ICES status of fish stocks and ecosystem overviews

The International Council for the Exploration of the Sea (ICES) provides an annual overview of the status of the fish stocks in the Northeast Atlantic and Baltic Sea.  ICES provides scientific advice to clients on fisheries and marine ecosystem issues. The clients are the EU, governments and international regulatory bodies that manage the North Atlantic Ocean and adjacent seas.

An overview of the latest status of important pelagic fish stocks for fishmeal and fish oil production is shown in the Table below. Detailed information for each fish stock is given in an Excel sheet – click here.

Names of Sub-areas and Divisions of FAO fishing area 27 – see maps of the North-East Atlantic (here) and the Baltic Sea (here).

The fish stock status in the Table is indicated by the colors – green, yellow and red:
Green = spawning stock biomass above the precautionary reference point, Bpa.
Yellow = spawning stock biomass unknown or in transition.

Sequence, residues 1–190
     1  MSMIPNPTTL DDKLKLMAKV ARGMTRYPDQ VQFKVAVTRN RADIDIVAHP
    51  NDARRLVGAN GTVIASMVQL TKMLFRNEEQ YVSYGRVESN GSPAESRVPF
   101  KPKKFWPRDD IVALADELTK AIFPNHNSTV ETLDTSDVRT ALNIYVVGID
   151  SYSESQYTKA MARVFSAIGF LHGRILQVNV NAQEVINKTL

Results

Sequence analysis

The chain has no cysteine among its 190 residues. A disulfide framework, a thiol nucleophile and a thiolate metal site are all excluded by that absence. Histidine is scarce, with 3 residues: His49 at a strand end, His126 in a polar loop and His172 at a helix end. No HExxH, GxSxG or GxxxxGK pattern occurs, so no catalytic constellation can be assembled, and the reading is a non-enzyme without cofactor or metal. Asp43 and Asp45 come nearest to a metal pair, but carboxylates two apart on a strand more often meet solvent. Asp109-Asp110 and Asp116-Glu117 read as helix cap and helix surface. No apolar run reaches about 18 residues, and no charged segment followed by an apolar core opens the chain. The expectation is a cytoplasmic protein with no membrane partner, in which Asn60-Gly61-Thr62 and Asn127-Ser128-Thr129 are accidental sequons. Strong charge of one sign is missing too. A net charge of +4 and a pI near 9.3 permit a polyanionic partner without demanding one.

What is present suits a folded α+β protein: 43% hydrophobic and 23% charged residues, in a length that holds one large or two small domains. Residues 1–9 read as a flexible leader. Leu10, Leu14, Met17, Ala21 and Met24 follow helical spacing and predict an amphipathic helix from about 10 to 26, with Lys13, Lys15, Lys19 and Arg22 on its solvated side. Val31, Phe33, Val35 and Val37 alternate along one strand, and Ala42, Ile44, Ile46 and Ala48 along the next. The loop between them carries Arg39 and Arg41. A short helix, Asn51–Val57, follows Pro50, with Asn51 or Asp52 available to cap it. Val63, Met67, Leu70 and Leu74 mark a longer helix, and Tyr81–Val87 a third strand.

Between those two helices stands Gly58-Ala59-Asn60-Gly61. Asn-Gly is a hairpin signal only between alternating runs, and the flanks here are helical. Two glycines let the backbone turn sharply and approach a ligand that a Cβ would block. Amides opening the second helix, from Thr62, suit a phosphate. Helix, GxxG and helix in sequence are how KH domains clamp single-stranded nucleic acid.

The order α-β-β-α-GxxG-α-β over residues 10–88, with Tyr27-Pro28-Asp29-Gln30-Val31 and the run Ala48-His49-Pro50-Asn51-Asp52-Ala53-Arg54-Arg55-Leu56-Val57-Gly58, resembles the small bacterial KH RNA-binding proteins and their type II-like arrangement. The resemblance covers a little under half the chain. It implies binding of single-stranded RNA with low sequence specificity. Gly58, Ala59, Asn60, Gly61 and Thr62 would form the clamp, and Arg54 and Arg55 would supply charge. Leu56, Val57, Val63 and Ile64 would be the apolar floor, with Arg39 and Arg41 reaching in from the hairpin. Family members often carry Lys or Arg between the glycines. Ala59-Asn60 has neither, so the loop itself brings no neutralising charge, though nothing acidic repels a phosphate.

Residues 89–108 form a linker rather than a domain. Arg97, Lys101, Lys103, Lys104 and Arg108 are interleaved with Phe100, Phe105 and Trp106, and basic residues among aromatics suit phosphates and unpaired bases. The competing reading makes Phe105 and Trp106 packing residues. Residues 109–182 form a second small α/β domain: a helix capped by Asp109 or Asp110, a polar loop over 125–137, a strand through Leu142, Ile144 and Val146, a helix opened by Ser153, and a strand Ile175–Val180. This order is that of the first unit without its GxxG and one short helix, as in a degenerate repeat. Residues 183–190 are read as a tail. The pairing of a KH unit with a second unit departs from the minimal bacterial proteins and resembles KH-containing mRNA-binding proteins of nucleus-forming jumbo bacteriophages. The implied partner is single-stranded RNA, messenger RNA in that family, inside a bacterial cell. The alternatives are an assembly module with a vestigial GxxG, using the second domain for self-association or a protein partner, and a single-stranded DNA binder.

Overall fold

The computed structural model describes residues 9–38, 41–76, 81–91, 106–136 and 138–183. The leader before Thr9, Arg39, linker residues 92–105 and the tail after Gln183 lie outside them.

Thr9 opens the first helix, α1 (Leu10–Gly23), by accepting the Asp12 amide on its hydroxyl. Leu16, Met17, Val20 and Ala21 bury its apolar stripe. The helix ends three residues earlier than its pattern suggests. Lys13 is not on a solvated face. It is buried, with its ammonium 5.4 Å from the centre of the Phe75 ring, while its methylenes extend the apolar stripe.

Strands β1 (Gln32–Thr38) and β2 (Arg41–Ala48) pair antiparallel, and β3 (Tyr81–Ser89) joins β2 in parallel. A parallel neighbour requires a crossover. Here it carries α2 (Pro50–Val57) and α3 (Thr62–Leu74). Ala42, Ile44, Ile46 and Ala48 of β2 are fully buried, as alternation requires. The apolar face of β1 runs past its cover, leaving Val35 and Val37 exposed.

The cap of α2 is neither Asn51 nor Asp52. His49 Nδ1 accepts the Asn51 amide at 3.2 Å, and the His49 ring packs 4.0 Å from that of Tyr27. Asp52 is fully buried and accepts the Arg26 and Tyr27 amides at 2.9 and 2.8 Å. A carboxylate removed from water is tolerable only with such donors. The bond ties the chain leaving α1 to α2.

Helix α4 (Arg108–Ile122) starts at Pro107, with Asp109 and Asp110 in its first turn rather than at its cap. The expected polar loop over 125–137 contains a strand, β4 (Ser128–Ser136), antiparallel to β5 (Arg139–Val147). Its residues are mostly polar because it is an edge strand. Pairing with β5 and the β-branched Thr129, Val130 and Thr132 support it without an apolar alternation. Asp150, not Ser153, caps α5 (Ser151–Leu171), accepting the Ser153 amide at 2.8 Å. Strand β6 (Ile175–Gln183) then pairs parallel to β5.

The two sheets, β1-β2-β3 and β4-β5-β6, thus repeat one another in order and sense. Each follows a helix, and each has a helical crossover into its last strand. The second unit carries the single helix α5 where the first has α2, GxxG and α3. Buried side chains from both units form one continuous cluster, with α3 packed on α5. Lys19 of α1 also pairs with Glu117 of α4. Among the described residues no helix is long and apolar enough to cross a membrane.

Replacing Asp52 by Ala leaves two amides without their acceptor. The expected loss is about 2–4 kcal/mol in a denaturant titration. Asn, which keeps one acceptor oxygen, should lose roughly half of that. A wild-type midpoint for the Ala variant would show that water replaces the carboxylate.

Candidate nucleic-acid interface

Red = spawning stock biomass below the precautionary reference point, Bpa.

ICES latest advice – here
ICES fisheries overviews – here
ICES ecosystem overviews – here
ICES ecoregions and advisory areas – here

From Fisheries Overviews – Greater North Sea Ecoregion (here):
Around 6600 fishing vessels are active in the Greater North Sea. Total landings peaked in the 1970s at 4 million tonnes and have since declined to about 2 million tonnes.

Fisheries in the Greater North Sea catch a large diversity of species. These have been categorized into species that are pelagic, demersal, benthic (e.g. flatfish), crustaceans, and elasmobranchs. Total landings from the Greater North Sea varied between 2 and 3 million tonnes during the 1950s, then rose to between 3 and 4 million tonnes from the late 1960s to the mid-1990s (Figure). High catches of both pelagic species (mackerel and herring) and demersal species (cod and haddock) accounted for the increase in total landings in the late 1960s. Total landings declined after 1995 to a low of 1.4 million tonnes in 2012. This decline is attributed to overfishing and decreased productivity of important stocks such as cod and herring, but also to the successful reduction of fishing mortality to more sustainable levels after 2000.